Hoover’s next set of arguments is based around the “validity” of the macroeconomic aggregates.  Nobody doubts that GDP, unemployment, and interest rates are interconnected.  People do disagree, however, that these aggregates are the “fundamental units” that constructs this economic reality.  Hayek (1979) says it best that these entitites are secondary because these entities cannot be explained and fully understood without having an understanding of the individual components.  This statement reverberates through all the macro theory that presented criticisms towards other theories for failing to be based upon microfoundations.  Nevertheless, even Hayek doesn’t believe in the pure definition of individualism, citing the Cournot problem.  (CAN SOMEBODY PLEASE TELL ME WHAT IS THE COURNOT PROBLEM?  I think it has to do with being unable to model an entire economy because it’s too complex, but I’m not sure.)

Referring back to the aggregates that consumes macroeconomics, Hoover states that there are two aggregates: natural and synthetic.  Natural aggregates are those that are simple sums or averages, such as total employment or an average interest rate on commercial paper/Treasury security for a certain period of time.  Hoover says that he terms them natural because they are calculated in the same units in which the individual units are also calculated.  The other aggregate is synthetic.  Synthetic aggregates are those that are “fabricated out of components” and therefore have a different structure.  The main example here is the aggregate/general price level.  An average of all prices will not work because apples and oranges cannot be added together.  The ultimate goal is to find out the price of money to see what something is worth in real terms.  Again, this is difficult to accomplish because the overall economy is complex and there would have to be thousands of equations to capture all of the movements in the economy, which is next to impossible and very, very time consuming.  The story goes on to discuss the indexes that have to be constructed.  Indexes give insight into general price levels because once again, percent changes of certain goods and services will weigh more heavily on the overall economy and “price of money” than other goods and services.  For instance, Hoover says a change in the price of gasoline will have a larger impact than the change in the price of caviar.  Thus, indexes reflect weights that have to be applied to certain industries and sectors of the economy.  (As a side note, PPIs and CPIs are calculated with and without food and energy because these two areas of the economy are the most volatile and will have a large impact on what is the perceived rate of inflation.)  This same thought process holds true for the need to calculate real GDP.  Price changes are bound to occur.  Therefore, nominal GDP will always increase, even if quantity does not change.  Therefore, real GDP is needed to see whether prices changed and the level of output did not change, or whether the economy experienced an increase in output due to more efficient methods.  If the latter is true, then real GDP will go up.  If the former is true, then it can be expected that only nominal GDP will increase due to the rise in prices.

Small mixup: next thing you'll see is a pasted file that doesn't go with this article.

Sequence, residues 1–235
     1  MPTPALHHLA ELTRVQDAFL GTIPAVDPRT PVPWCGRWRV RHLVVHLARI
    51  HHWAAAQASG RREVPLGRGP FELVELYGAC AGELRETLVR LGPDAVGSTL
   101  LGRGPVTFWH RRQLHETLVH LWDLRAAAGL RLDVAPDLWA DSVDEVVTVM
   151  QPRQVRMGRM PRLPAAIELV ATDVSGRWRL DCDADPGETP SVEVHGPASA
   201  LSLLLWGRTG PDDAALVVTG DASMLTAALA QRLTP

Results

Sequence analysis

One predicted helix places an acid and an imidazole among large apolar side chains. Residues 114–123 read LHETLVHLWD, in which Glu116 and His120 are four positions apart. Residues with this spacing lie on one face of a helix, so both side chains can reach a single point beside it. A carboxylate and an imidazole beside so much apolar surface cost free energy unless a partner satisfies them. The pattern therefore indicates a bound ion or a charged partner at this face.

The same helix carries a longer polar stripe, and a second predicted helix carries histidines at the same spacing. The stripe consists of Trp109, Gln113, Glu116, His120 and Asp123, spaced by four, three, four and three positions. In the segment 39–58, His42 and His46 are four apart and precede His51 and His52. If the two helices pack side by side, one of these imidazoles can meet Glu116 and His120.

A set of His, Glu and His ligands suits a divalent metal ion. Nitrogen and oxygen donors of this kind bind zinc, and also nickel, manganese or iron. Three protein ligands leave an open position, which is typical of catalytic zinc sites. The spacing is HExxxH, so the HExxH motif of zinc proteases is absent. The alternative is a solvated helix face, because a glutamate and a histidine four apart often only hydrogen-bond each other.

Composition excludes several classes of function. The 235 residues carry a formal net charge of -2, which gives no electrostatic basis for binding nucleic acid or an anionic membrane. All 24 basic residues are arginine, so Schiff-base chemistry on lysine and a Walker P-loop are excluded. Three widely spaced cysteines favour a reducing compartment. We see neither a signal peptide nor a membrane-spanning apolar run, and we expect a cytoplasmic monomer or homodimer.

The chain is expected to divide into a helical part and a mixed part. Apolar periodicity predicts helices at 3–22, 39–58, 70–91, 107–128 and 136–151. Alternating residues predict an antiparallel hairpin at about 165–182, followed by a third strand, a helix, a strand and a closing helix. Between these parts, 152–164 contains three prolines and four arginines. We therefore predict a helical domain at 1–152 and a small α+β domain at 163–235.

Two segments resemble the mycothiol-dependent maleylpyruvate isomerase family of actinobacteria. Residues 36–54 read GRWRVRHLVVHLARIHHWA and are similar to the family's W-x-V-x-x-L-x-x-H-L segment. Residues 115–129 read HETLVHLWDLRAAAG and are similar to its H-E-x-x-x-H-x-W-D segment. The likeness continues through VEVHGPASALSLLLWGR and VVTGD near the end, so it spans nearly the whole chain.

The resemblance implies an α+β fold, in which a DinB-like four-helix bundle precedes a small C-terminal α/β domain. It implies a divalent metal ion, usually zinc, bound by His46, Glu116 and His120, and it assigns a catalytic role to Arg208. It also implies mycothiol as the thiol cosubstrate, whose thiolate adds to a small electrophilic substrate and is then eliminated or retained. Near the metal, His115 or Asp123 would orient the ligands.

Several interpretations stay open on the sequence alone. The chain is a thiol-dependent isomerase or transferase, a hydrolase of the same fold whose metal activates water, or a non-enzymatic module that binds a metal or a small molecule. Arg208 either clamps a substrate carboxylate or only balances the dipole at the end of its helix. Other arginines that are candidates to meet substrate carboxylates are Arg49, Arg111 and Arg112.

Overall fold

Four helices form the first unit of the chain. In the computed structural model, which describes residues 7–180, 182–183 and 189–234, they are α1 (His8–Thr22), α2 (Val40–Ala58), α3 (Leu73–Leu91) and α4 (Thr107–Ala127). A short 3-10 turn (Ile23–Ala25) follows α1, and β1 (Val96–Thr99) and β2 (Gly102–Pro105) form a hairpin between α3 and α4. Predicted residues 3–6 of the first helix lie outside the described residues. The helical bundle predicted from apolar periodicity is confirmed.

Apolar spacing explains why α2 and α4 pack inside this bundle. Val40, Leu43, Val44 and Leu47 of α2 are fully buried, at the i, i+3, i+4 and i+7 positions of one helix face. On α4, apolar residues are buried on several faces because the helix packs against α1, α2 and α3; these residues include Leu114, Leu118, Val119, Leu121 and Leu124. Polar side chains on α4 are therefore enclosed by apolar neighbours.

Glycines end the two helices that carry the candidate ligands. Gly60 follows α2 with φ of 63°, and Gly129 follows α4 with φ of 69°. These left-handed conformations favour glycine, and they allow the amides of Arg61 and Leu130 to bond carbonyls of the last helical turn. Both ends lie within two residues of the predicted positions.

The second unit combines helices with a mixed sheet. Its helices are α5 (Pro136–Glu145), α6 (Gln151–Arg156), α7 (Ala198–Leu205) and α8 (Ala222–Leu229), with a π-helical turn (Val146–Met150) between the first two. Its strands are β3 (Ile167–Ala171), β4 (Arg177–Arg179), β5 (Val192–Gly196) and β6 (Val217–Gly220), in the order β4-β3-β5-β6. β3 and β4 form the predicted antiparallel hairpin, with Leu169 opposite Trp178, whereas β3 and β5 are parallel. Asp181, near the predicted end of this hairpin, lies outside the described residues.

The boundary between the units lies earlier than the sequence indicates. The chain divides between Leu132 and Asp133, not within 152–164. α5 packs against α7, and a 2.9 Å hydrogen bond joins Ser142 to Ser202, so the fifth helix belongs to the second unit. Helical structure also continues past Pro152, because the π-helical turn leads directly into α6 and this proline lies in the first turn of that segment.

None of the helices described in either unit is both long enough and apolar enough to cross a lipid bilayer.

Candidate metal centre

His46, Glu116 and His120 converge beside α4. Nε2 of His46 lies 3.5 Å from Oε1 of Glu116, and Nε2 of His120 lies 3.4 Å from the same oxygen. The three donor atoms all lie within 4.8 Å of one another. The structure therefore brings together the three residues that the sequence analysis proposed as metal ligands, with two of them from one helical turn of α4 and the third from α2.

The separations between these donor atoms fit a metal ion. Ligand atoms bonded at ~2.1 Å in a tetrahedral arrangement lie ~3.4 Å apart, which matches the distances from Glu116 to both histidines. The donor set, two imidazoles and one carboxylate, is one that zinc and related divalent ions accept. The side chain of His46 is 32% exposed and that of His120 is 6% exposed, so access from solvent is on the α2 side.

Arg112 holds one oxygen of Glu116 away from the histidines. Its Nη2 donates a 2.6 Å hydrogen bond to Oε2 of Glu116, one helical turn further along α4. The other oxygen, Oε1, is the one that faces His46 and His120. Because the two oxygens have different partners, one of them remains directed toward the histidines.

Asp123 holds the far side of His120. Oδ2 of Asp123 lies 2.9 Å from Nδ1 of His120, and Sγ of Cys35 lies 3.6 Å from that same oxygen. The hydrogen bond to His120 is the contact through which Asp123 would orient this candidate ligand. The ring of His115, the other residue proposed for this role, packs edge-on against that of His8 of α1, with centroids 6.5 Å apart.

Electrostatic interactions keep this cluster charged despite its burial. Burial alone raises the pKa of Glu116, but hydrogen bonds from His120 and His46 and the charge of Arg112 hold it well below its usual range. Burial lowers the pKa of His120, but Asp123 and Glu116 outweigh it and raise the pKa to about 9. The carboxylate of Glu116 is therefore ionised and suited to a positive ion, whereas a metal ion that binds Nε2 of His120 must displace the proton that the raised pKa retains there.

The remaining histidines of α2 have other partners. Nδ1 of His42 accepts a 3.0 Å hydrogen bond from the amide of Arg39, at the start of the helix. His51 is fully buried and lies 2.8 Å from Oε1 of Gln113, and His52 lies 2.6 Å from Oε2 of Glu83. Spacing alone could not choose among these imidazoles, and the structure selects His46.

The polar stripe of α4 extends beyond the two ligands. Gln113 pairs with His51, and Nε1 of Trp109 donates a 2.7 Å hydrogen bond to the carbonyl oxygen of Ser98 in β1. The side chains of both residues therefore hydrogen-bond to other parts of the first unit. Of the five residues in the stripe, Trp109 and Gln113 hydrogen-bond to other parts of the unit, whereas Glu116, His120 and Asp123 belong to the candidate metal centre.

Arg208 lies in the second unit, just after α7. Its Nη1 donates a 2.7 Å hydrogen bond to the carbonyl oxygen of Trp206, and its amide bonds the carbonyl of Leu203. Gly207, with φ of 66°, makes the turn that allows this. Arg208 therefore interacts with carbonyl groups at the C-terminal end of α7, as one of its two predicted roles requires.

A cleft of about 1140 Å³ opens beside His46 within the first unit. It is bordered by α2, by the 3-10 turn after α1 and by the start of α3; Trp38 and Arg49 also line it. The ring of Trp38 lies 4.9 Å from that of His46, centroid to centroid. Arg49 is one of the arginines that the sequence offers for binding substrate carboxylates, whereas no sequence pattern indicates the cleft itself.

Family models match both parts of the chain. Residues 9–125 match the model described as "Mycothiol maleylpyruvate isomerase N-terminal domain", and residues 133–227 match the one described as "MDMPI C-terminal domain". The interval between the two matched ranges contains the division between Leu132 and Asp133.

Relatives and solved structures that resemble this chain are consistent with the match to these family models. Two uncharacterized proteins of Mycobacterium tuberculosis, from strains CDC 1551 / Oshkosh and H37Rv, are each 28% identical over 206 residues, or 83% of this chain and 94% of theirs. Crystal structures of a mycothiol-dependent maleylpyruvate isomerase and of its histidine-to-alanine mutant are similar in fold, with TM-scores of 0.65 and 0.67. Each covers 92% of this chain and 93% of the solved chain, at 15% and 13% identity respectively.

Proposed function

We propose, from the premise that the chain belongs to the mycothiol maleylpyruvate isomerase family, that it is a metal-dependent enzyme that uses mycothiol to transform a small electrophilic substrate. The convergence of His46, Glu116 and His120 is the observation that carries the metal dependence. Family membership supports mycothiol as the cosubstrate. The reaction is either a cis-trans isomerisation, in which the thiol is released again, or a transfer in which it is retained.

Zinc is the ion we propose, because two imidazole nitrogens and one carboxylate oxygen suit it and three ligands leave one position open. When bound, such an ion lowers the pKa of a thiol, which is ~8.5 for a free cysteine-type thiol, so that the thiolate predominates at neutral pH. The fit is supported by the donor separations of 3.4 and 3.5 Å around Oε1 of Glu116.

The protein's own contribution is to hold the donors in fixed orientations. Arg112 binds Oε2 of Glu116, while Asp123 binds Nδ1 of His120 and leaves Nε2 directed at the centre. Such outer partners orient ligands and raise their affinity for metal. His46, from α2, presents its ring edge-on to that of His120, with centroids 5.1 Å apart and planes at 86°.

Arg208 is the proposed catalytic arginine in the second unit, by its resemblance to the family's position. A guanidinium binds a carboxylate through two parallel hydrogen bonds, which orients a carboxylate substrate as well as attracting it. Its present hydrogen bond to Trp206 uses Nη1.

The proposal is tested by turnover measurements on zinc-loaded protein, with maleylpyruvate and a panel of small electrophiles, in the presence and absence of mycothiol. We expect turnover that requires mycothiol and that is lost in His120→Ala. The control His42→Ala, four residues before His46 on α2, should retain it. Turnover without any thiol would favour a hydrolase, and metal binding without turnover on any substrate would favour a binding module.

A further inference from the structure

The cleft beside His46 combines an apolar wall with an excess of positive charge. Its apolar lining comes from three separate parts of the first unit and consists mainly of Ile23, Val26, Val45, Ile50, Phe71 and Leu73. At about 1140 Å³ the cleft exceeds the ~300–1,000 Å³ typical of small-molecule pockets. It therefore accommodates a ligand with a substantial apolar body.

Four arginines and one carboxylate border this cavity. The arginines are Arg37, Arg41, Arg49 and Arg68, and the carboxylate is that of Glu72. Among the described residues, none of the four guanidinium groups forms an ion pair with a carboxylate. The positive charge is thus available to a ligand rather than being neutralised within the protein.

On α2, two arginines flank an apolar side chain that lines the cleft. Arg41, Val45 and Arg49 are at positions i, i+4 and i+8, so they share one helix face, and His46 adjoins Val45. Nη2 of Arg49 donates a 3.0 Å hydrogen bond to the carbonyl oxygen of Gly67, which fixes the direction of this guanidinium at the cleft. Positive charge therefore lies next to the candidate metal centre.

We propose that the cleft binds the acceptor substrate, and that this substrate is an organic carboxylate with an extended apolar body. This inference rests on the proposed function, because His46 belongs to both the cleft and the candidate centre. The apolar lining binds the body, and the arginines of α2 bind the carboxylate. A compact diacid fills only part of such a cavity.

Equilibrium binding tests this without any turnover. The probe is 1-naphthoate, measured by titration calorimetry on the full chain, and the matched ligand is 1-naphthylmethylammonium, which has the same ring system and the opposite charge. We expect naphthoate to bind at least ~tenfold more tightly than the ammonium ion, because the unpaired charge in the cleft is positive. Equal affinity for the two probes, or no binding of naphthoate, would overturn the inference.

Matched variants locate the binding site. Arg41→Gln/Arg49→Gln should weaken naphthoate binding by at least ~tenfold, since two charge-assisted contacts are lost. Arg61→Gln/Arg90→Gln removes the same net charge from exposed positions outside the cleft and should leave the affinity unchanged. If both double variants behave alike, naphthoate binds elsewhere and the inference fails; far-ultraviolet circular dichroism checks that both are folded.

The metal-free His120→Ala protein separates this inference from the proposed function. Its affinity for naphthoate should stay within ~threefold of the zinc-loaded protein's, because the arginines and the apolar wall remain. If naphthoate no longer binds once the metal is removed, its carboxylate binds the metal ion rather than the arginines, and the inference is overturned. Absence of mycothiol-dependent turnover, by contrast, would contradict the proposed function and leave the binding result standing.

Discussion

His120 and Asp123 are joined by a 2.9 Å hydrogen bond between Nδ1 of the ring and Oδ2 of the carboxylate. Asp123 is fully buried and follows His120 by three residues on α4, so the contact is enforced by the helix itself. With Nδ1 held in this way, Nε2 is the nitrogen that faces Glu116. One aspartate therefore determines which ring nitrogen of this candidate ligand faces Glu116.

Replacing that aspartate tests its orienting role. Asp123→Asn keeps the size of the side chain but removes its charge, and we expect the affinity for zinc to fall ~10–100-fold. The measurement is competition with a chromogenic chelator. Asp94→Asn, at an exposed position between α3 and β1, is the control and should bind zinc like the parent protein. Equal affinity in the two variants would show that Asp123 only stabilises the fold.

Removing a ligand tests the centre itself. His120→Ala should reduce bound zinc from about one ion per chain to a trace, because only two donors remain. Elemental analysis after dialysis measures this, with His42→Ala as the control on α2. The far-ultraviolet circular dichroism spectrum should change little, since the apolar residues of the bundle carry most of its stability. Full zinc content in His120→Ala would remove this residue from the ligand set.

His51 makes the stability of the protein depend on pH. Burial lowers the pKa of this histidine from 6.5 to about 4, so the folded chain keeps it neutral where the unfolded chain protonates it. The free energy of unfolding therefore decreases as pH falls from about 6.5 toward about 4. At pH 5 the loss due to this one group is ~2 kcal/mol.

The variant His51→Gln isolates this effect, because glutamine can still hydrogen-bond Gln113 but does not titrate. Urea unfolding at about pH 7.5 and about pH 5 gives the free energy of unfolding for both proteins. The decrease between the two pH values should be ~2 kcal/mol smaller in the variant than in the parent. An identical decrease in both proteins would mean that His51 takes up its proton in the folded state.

The following section discusses supervenience, which I don’t understand.  I will quote the passage, but cannot provide insight only because it does not make sense to me.  On page 12, Hoover says “Macroeconomic aggregates I believe supervene upon microeconomic reality.  What this means is that even though macroeconomics cannot be reduced to microeconomics, if two parallel worlds possessed exactly the same configuration of microeconomic or individual economic elements, they would also possess exactly the same configuration of macroeconomic elements.”  The reverse doesn’t necessarily hold true.  On a different note, Hoover discusses irreducible aggregates and their ability to be manipulated.  Some macroeconomic aggregates cannot only be controlled, but “can be used to manipulate other macroeconomic aggregates (i.e. real interest rates and price levels and their effect on yield curves).  He ends the paper by stating that this paper only attempted to show the current behavior and interplay between macroeconomics and microeconomics.  Hoover does go on to mention that there are macroeconomic aggregates that are irreducible, and consequently, cannot be built upon microfoundations.  Therefore, these entities are indeed “real.” 

Source: Hoover, Kevin D.  1999.  Is macroeconomics for real?  University of California-Davis (June): 1-22, http://users.umw.edu/~sgreenla/e488/Macreal.htm (accessed April 8, 2008).